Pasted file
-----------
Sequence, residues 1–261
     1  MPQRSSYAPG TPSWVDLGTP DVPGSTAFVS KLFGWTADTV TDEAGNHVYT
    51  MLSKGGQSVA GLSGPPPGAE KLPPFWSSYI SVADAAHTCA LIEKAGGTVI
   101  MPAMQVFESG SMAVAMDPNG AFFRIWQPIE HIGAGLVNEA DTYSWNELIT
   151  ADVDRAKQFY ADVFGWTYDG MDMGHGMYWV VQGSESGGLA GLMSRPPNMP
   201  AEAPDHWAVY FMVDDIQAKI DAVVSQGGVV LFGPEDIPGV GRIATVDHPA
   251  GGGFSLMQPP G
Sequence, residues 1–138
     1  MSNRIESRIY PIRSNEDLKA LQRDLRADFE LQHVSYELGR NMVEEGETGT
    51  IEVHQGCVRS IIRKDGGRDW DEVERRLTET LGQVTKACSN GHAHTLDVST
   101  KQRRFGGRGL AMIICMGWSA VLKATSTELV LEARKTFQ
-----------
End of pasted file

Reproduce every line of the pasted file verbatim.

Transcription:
Sequence, residues 1–261
     1  MPQRSSYAPG TPSWVDLGTP DVPGSTAFVS KLFGWTADTV TDEAGNHVYT
    51  MLSKGGQSVA GLSGPPPGAE KLPPFWSSYI SVADAAHTCA LIEKAGGTVI
   101  MPAMQVFESG SMAVAMDPNG AFFRIWQPIE HIGAGLVNEA DTYSWNELIT
   151  ADVDRAKQFY ADVFGWTYDG MDMGHGMYWV VQGSESGGLA GLMSRPPNMP
   201  AEAPDHWAVY FMVDDIQAKI DAVVSQGGVV LFGPEDIPGV GRIATVDHPA
   251  GGGFSLMQPP G
Sequence, residues 1–138
     1  MSNRIESRIY PIRSNEDLKA LQRDLRADFE LQHVSYELGR NMVEEGETGT
    51  IEVHQGCVRS IIRKDGGRDW DEVERRLTET LGQVTKACSN GHAHTLDVST
   101  KQRRFGGRGL AMIICMGWSA VLKATSTELV LEARKTFQ